I wrote this article many years back for the Writer’s Guild’s (now defunct) blog, Project Backspace, in SPi.
“Nandirito kami ang iyong barkada mong tunay, aawit sa’yo. Sa lungkot, at ligaya, hirap at ginhawa kami kasama mo.”
The decision of Jim Paredes in 2005 to migrate to Australia with his family left me flabbergasted. I thought this would surely be APO Hiking Society’s final bow. The first bow was in 1998 when their show, Sa Linggo nAPO Sila, which ran for only three years went off the air. Just like other artists who became famous and simply disappeared into thin air, I thought I won’t be seeing them after conceding defeat to their noontime show rival. I was really saddened by the first. I was about to surrender my high hopes after the second.
I had not told anyone else until today that yes, I am an avid fan of Danny Javier, Buboy Garovillo and Jim Parades, more known as the APO Hiking Society since I heard their song Batang-Bata Ka Pa the first time when I was seven. I had been very discreet about this, fearing I’d be stigmatized by my peers as being baduy or old-fashioned. Finally, I’ve found the source of strength to say it all today when the Kami nAPO Muna: Tribute to APO Hiking Society album was released!
It is said that never shall the twain meet but this album simply disproved that. It is really like bringing the legends and the newbies to meet halfway. This 2-CD tribute album comes not only with a compilation of renditions of today’s famous rock bands but also with another CD showcasing the original versions of APO, albeit digitally re-mastered. Interestingly enough, the “new age” CD is designed with repetitive illustrations of Danny’s, Jim’s and Buboy’s faces superimposed on a blood-red background while the “premiere” CD is in black and gold colors. This was done for the benefit of younger audiences who may not be familiar with APO music. The compilation suggests listening to the black CD first before they move on and headbang to their idol band’s versions. No matter how excited you may be to check out Parokya ni Edgar, Kitchie Nadal, or The Dawn’s versions in the album, I highly recommend you play the original version first. Iba pa rin ang orig!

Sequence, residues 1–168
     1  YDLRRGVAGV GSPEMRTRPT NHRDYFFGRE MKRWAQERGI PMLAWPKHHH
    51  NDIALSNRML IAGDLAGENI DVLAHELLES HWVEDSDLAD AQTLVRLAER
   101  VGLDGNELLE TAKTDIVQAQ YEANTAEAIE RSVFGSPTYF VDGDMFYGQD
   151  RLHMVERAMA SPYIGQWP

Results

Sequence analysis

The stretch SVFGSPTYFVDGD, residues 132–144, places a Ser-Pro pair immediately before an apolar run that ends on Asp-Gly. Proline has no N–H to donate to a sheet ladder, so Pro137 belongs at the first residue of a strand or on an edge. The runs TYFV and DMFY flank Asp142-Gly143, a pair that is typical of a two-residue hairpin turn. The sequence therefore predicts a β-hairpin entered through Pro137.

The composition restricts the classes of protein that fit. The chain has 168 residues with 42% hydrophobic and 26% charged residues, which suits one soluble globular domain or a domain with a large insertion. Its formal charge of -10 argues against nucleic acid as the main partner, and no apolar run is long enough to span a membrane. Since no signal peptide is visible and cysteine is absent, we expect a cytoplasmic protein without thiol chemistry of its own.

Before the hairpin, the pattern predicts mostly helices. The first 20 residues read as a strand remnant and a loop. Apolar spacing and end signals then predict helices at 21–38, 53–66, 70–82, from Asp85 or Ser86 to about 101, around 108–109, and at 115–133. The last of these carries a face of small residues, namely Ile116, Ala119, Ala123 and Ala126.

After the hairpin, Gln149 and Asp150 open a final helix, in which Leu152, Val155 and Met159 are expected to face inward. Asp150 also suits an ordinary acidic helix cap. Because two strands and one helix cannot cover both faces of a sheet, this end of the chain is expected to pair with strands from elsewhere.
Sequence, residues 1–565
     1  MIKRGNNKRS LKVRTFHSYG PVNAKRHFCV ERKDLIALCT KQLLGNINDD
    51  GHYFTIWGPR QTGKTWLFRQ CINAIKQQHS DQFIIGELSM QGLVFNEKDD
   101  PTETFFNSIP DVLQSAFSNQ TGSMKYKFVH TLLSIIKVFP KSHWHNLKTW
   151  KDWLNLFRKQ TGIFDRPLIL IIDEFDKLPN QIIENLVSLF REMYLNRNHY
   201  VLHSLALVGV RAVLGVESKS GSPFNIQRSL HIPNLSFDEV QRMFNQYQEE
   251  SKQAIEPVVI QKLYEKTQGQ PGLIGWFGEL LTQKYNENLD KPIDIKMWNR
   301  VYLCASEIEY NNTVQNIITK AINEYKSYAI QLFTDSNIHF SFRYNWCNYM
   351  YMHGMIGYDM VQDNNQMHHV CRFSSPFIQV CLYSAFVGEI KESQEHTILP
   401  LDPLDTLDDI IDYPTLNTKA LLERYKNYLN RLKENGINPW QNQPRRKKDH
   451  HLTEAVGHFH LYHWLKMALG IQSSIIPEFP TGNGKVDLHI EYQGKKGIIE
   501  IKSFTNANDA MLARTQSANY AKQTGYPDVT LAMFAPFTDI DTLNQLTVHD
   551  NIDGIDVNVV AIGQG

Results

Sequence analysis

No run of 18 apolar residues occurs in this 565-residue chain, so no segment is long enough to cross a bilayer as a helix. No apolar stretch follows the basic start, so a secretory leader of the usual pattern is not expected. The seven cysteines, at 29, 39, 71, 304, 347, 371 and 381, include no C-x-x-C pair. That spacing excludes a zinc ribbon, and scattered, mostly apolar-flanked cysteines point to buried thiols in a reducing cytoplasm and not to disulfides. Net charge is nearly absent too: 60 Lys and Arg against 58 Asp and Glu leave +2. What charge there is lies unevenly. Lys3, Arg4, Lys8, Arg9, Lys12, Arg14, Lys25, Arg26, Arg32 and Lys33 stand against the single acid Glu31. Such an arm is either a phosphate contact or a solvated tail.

Performing popular songs with a new twist would have been easy but not if it is a tribute to OPM icons like the APO. Anything less would be an insult to them and to APO diehards like me. The album, overall, has achieved its utmost purpose of paying tribute without compromising the unique stylistics of each band. Kamikazee, for that matter, keeps its unruly and stubborn performance style of singing Doo Bidoo. At the same time, they keep some differential sparks that APO was known for—the feel-good, at times perky tempo, their voices unified in oftentimes satirical yet optimistic interplay of trials and triumphs inherent in the lyrics.
For more top picks, Orange and Lemons’ version of Yakap sa Dilim was a hit with me. This band can truly render their listeners breathless while listening to their own rendition of this APO classic hit. Even the distinct 70’s sound of this song has so enamored Orange and Lemons that they could have done this tribute as a solo gig. Itchiworm’s attempts at combining varying music genres plus the very candid and funny dialogues with peers while performing all paid off in giving justice to Awit ng Barkada. Doo Bidoo is a trademark hit of APO; thus the version that Kamikaze came out with was likewise spiced with expected wackiness and hilarity, very entertaining and was done in good taste! Kitchie Nadal, on the other hand, gives a soothing, feel-good rendition of Pag-ibig. Barbie Almalbis experiments as she applies her distinct singing style to the only English APO song included in the album When I Met You.
Truly, the APO Hiking Society is a story of three brave souls who have taken risks in their musical and personal lives to write and perform their songs even if fear, apprehensions, and frustrations come along their way. As fate would have it, they also are the best mentors to the young bands featured on the album who are lucky enough to be inheritors of these immortal APO songs. As one of the possibly few younger people who admire their work, I salute Danny, Buboy, and Jim for bringing to life songs which have given color to our lives.